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  • Writer's pictureBeverley Skurulis

Barradale Roadhouse Part 2.

Updated: Oct 21


Here I am again still situated at Barradale Roadhouse which was approximately 300 klms North of Carnarvon on the North West Coastal Highway Western Australia where I was employed as a waitress. The position soon became boring after often working 7 days a week on different shifts.

The North West coastal Highway sealed road at that time ended not far before the roadhouse so going North was pretty hard. Road trains would get stuck in the pindan mud after the rains and cars were abandoned broken down on the side of the highway.

Barradale Roadhouse 1969
Barradale Roadhouse 1967

Sometimes on a Sunday the priest from Exmouth Gulf would land out the front of the roadhouse and take me for a flight over sheep and cattle stations, red dirt, old broken down windmills, water tanks, rusted out car bodies, and fences as far as the eye could see. Landing on their runway to say hello and take the station owners some mail or goods from the roadhouse that had been dropped off by the trucks going north. All these things I went on to paint in my early works.

After a month or two I had become quite friendly with several truck and bus drivers and I was fed up again, so thinking I knew the truck driver well enough I jumped a road train to move further North. Night came and after fighting off the road train driver (by the way he was on his way to Broome because his wife was having a baby). You go figure, I thought I was safe.

Deciding to sleep on the back of his truck away from him, on my own.

The next day we arrived in Port Hedland so I jumped down from the truck and walked the streets looking for a job, finally getting a house maids position making beds doing laundry setting tables and doing dishes. That was my first experience with those bloody North West flying cockroaches, I hate them. I don't mind snakes or mice I love goannas but I hate cockroaches. The boarding house I cleaned had hundreds of roaches scurrying in and out of anywhere they thought they could hide, mostly drowning themselves in the slops in the bottom of a stubbie or can of beer.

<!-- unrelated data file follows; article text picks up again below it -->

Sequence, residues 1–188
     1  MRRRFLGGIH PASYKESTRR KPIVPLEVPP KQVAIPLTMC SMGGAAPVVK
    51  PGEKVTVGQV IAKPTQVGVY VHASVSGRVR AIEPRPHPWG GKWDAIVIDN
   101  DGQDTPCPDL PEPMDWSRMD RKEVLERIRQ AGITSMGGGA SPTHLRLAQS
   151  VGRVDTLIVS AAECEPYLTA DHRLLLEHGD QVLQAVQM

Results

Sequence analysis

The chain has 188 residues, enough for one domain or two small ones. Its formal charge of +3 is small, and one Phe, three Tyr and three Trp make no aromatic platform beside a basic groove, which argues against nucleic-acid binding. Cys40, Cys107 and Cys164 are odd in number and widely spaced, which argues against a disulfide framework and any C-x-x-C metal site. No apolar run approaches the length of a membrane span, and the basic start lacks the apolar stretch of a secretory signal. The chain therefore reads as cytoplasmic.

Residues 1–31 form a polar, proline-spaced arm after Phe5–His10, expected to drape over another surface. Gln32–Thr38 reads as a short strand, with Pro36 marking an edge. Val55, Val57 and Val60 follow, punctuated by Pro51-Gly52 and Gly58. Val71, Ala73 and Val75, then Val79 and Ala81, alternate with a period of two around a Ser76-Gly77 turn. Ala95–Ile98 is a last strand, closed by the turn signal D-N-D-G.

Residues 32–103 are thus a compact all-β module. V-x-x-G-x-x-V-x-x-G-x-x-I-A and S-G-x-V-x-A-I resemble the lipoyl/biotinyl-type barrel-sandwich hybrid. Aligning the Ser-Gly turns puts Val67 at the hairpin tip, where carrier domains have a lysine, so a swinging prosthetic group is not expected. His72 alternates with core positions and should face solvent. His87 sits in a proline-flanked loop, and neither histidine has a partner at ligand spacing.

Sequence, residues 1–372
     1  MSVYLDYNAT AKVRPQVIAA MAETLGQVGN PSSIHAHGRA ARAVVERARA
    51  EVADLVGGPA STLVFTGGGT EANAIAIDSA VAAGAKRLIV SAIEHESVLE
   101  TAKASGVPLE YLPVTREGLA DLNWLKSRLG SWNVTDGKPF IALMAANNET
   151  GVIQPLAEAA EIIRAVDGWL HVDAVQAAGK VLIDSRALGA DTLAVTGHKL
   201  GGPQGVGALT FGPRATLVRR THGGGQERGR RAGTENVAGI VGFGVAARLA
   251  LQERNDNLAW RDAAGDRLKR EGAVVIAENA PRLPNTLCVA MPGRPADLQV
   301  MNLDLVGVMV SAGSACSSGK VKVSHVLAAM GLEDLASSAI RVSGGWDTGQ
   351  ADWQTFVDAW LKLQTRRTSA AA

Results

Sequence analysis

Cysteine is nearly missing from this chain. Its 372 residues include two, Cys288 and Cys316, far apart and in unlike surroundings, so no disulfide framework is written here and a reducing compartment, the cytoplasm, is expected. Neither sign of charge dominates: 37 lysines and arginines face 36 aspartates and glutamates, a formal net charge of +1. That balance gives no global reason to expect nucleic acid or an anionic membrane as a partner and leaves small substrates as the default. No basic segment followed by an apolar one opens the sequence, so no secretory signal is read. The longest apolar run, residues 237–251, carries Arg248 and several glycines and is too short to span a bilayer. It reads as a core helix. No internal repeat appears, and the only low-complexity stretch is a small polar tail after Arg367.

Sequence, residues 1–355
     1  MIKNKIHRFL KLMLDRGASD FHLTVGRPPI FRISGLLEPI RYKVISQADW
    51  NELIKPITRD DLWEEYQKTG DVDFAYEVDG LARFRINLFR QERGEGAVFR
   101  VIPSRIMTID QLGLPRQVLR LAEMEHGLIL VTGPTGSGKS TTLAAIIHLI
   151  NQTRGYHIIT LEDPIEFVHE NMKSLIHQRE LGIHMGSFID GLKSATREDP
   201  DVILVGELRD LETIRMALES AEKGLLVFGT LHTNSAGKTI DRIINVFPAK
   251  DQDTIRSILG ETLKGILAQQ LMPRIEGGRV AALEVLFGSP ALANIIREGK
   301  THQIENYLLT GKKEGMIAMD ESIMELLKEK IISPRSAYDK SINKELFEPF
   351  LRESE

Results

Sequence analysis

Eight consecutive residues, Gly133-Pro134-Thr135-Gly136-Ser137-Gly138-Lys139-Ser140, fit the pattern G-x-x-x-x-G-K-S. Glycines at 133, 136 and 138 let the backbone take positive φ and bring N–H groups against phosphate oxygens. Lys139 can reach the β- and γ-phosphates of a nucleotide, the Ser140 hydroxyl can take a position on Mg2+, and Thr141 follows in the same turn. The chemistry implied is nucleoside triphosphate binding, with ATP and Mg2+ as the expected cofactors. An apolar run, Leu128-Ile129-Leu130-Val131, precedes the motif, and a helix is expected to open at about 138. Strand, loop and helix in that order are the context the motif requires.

I cleaned rooms for hard working men who did long hours and came home sweaty smelly and covered in red dust. The washing machines and everything that came out of them was also red. Hanging your clothes on the line and taking them off with red lines from the clothesline wires. This was my first taste of the real Pilbara and I loved the life style. Parties and lots of late nights I won't say anymore incase I might incriminate myself.

In between all this commotion I always found a pencil and a sketch book, drawing the old stilted houses, the stilts were distinctively capped with larger-diameter discs at the top, to prevent vermin and pests from entering the structures by climbing them, that didn't make any difference to those flying cockroaches.

I loved to draw the aboriginal children they had so much joy in them and they loved to show off. This was the start to my drawing life and my art career. Selling a sketch or two which gave me my next get away money.

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